Pearl Jam‘s public fight with Ticketmaster ended 20 years ago, and if there’s any doubt that the two camps have moved past the dispute, Wednesday’s announcement that Pearl Jam was using Verified Fan for its upcoming “Home” and “Away” stadium concerts this summer should finally put the matter to rest.
The Seattle rock band is asking fans who want to purchase presale tickets to the band’s “Home” shows Aug. 8 and 10 at Safeco Field in Seattle to register through Ticketmaster’s Verified Fan platform. Same for the band’s “Away” shows at Washington-Grizzly Stadium in Missoula, Montana (Aug. 13), Wrigley Field in Chicago (Aug. 18 and 20) and Boston’s Fenway Park (Sept. 2 and 4).
“I think that Pearl Jam is going out of their way to create a great experience for their fans at the same time that Ticketmaster is also working to improve the fan experience,” said Dean Budnick, editor-in-chief for Relix magazine and author of “Ticket Masters: The Rise of the Concert Industry and How the Public Got Scalped.”
Pearl Jam is using Ticketmaster’s Verified Fan platform to keep tickets out of the hands of scalpers and off the large resale sites like StubHub, but the two didn’t always see eye-to-eye. In May 1994, after complaining that Ticketmaster had a monopoly on ticketing in the United States, the band hired law firm Sullivan and Cromwell and filed a complaint with the Justice Department, asking for an investigation of Ticketmaster’s practices.
A month later, bassist Jeff Ament and guitarist Stone Gossard testified before Congress, explaining that they wanted to cap tickets at $18.50 each with a fee no higher than $1.80. Ticketmaster said it needed $2 a ticket to break even and the company’s former CEO Fred Rosen said “If Pearl Jam wants to play for free, we’ll be happy to distribute their tickets for free.”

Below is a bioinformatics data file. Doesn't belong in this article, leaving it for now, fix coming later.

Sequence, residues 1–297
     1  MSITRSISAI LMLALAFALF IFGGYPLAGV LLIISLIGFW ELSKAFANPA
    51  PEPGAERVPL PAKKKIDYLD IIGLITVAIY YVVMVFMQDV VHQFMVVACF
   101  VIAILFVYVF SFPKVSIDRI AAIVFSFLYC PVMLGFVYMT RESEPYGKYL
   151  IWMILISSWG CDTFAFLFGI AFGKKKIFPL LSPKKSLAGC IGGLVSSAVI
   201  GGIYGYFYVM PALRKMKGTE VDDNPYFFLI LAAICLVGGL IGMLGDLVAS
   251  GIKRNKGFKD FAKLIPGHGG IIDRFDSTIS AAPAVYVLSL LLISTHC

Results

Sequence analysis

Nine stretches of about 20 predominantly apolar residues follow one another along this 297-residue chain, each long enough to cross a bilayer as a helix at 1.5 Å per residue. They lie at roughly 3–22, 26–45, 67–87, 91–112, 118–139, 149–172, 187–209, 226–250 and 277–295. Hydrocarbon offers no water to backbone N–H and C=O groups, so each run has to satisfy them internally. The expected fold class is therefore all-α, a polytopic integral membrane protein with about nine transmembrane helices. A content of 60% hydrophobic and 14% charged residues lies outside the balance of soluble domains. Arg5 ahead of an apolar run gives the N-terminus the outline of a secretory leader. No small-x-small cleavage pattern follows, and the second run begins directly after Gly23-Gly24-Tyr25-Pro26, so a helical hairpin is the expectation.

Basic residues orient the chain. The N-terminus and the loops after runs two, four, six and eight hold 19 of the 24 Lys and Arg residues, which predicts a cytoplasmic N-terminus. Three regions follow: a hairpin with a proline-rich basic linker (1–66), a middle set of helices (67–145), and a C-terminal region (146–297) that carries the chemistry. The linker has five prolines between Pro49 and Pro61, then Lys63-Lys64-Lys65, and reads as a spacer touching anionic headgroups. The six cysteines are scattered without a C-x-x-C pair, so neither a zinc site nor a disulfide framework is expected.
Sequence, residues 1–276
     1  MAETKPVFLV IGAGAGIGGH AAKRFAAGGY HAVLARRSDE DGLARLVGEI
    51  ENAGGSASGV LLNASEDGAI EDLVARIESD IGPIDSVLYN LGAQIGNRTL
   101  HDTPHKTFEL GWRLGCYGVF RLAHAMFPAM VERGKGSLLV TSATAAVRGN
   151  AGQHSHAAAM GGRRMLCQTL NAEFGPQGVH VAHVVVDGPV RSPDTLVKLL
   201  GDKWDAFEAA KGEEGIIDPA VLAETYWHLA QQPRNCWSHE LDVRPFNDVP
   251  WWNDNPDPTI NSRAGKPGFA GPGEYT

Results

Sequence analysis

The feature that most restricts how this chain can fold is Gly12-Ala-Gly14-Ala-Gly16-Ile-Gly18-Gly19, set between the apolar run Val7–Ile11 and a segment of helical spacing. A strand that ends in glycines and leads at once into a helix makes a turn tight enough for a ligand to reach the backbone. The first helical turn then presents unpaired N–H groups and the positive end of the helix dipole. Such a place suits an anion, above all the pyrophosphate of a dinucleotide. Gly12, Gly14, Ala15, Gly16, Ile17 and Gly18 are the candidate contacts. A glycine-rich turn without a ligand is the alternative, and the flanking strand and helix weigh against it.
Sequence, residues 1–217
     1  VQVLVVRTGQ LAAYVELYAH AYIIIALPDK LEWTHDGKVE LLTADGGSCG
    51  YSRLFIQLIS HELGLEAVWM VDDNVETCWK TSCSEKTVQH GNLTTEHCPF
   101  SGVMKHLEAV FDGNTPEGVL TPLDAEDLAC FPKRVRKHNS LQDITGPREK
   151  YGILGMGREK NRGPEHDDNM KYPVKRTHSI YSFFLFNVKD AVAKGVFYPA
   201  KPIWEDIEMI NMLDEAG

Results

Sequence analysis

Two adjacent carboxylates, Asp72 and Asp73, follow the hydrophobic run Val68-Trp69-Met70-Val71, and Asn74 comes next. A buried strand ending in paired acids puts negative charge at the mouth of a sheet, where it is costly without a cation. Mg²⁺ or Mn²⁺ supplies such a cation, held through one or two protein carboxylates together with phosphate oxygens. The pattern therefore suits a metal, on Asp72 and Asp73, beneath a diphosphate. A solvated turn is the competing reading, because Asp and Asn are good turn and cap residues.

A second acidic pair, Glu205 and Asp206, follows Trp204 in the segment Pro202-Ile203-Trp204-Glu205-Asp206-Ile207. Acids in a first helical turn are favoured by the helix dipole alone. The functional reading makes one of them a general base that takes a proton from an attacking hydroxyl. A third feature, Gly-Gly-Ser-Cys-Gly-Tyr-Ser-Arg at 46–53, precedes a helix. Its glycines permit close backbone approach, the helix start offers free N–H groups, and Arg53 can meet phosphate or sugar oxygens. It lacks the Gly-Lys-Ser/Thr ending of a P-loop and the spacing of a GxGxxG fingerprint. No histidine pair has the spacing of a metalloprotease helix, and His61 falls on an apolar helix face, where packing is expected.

Pearl Jam didn’t tour the summer of 1994 and tried to skip Ticketmaster venues the following year on its Vitalogy tour, canceling a number of dates after Eddie Vedder got food poisoning and was hospitalized. In the end the DOJ dropped its investigation of Ticketmaster and the band, unable to convince other artists to participate in the boycott, eventually dropped the fight and played a number of Ticketmaster buildings on its 1998 Yield tour.
While the two sides have enjoyed a low-key truce over the years, Ticketmaster and Pearl Jam manager Kelly Curtis recently signed on to a plan by Tim Leiweke’s Oak View Group to support a new design and management contract for KeyArena (over a rival plan from AEG). The decision to use Verified Fan — a platform used by Taylor Swift, Harry Styles and Ed Sheeran — was made to minimize ticket resale for the seven-show tour, which could attract fans from all over the country.
“Our number one goal has always been to get Pearl Jam tickets into the hands of our fans,” Curtis said in a statement to Billboard. “We are constantly working up ways to improve our ticketing options and level the playing field. Verified Fan is the best solution out there to beat the bots.”
Another Ticketmaster rival, String Cheese Incident manager Mike Luba, said he supports Pearl Jam’s efforts to protect its fans using the Ticketmaster platform.
“It’s good to see Pearl Jam work with the ticketing industry to take positive steps that make things better for bands, fans and society in general,” said Luba, who has battled Ticketmaster over fan club ticket issues in the past.
Luba said artists like Taylor Swift and Reputation tour promoter Louis Messina’s efforts to use Verified Fan and price tickets higher — part of the “Slow Ticketing” strategy — was “moving the industry in the right direction” and said he hoped Pearl Jam’s use of Verified Fan meant more concerts from the band in the future — “the more Pearl Jam shows, the better for everyone.”
David Marcus, EVP and head of Music at Ticketmaster tells Billboard in a statement that “Ticketmaster is honored to partner with an iconic band like Pearl Jam on their summer concert tour. We have an enormous amount of respect for the band and understand how important their relationship is with their fan base.”
Registration for the Verified Fan presale ends Feb. 4. Sign up and learn more here.